In the end, the most interesting dish at Spice Market was the basket of complimentary, delicious, crispy sesame papadams and their mildly fiery salsa. A shame it was such a small basket of them, I could have just sat their eating them and having a cocktail. Would have saved a whole lot of money too – $53 for two appetizers, 1 main course, and one side of vegetables. Truthfully, other than if you simply must try yet another J-G restaurant, I don’t really recommend this one. Maybe Jean-Georges needs a tracking device on him so we can find our way to a restaurant where he’s actually cooking. One has to assume, or at least I do, that none of this is to his standards, but that his staff simply are either insufficiently trained, or are cutting corners when he’s not around, and that’s a key problem with multiple venues, especially in a setup that isn’t a cookie-cutter formula.

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{ 4 comments… read them below or add one }

ksternberg June 13, 2006 at 13:07

I could not agree with you more, Dan. For the last few years I’ve found it quite disgusting how celebrity chefs jet set all over, leaving the food in their restaurants as an afterthought. The reason a restaurant is good (assuming you focus on the food) is because of the chef in the kitchen. Key words: In the kitchen.

Where I live, Todd English began his empire with Olives, in the Boston suburb of Charlestown. I’ve had some great meals there. Also some less than great. I don’t think you can call this trend anything but what it is: Greed at the expense of guests expecting more, but often not even knowing if they receive it or not.

dan June 13, 2006 at 18:36

You should definitely check out the article in the NY Times that Mark Bittman wrote if you have access. I don’t necessarily have a problem with a chef overseeing multiple restaurants. But it depends on the style. For example, I don’t think Olives, at least the one here in Manhattan, strives to be a 3-star/4-star restaurant. It’s solid, dependable, moderately interesting Italian inspired food – but it’s a cookie-cutter formula. I think you can do that with a formula style if you manage it carefully and hire good staff. Likewise, on the higher end, you could look at something like the Bastianich-Batali “empire”. Lidia Bastianich isn’t trying to oversee the kitchens in each of her restaurants. She’s hired good quality chefs to run each restaurant, and to put their own signature stamp on them within a certain parameter of quality and general style. And on the Batali side, he is almost always to be found at Babbo, his flagship. The other restaurants are each run by “proteges”, but they’ve been given free rein to put their own imprint on the menu, and while the restaurants, like Otto, Lupa, and Esca, fall under the group’s ownership, credit is given solidly for each of the individual head chefs at their respective venues.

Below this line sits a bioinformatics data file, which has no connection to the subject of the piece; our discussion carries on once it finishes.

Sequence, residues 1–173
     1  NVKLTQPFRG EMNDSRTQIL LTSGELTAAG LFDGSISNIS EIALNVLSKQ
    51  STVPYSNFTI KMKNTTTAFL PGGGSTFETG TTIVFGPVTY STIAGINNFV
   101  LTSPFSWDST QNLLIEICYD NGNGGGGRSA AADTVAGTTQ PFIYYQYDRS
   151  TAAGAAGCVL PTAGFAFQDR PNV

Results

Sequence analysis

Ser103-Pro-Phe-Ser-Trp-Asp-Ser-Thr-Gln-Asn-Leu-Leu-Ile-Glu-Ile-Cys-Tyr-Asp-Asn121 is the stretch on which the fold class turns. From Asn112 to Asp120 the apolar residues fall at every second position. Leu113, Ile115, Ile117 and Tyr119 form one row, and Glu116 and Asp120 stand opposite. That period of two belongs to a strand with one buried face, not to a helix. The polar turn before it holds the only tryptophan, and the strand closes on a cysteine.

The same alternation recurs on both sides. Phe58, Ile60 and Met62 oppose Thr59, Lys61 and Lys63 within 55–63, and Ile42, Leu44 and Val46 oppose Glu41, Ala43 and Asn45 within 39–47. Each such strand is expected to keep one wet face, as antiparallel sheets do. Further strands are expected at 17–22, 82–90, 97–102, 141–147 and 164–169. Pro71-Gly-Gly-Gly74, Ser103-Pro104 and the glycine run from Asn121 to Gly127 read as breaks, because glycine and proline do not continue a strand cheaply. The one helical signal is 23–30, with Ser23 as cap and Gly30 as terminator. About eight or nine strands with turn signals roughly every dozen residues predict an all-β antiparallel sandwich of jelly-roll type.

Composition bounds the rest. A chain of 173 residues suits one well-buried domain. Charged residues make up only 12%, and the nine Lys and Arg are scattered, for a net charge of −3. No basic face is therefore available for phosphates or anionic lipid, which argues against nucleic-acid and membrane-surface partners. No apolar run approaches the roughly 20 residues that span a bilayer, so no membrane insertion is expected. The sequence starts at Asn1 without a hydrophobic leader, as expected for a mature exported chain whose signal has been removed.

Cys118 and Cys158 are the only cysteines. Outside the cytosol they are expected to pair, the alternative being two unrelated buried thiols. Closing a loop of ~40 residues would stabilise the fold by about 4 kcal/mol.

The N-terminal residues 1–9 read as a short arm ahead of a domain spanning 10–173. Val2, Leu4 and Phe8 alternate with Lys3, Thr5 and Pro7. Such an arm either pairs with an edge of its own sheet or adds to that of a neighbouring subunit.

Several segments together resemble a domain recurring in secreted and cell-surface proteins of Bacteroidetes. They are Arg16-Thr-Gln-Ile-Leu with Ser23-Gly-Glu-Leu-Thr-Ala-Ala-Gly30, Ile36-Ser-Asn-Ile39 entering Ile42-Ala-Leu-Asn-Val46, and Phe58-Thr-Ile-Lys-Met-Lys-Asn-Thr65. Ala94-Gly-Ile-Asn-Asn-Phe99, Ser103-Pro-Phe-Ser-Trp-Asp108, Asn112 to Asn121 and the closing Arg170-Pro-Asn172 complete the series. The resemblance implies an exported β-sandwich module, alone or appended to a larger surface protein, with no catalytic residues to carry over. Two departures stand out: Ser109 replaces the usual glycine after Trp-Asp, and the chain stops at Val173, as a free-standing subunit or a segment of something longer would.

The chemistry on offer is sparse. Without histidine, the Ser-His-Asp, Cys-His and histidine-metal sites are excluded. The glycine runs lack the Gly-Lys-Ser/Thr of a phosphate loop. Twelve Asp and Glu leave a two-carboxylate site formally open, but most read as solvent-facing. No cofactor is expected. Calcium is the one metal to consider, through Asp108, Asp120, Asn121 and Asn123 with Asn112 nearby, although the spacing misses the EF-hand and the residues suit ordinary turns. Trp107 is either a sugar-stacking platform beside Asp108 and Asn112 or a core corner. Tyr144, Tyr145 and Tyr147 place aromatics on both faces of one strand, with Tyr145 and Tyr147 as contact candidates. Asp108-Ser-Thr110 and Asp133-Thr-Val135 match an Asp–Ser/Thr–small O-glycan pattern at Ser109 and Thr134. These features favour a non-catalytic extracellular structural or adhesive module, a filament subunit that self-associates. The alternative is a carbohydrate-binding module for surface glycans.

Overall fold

The flip side seems to be folk like Jean-Georges, Tom Colicchio, Alain Ducasse, who somehow seem to think that they can control the product at multiple venues without the level of staff and/or daily supervision on their own part. It’s simply not do-able. I think also, Jean-Georges is trying for something that the others aren’t – although Tom has several venues, with different quality levels, they are all based on the same type of cooking and menu; Alain’s restaurants are formulaic in that they are high-end French based on a common core of recipes. Jean-Georges has everything from haut-French to casual Vietnamese, Thai, Chinese, and more – reflected in the opening statement on his website “A cuisine to fit every taste.” Not possible from my point of view.

Interestingly, tonight is one of my best friend’s birthdays and he arranged a dinner at Spice Market. So I get to return and give it another shot. This time we’re going in as a “known entity”, since one of the folks we are dining with, who arranged the reservation, is a personal friend of J-G’s and he knows we’re coming. I’ll be interested to see the difference!

ksternberg June 13, 2006 at 21:32

I had dinner in Paris at a fairly new Alain Ducasse restaurant very close to Notre Dame. The place was packed with Parisians, from the looks of it. I enjoyed my meal very much, but it didn’t send me off to space. The prices, though, were très reasonable, with most main courses under 25 Euros, so that’s something to factor in.

dan June 14, 2006 at 08:47

That doesn’t seem out of line. On the other hand, dinner at the NY Alain Ducasse can set you back several hundred dollars per person. I got taken to one dinner there about two years ago – a wine dinner, six courses, with matched wines from a producer in Slovenia (who supplied the wine for the dinner) – the tab (which thankfully I didn’t have to pay) was $500 per person.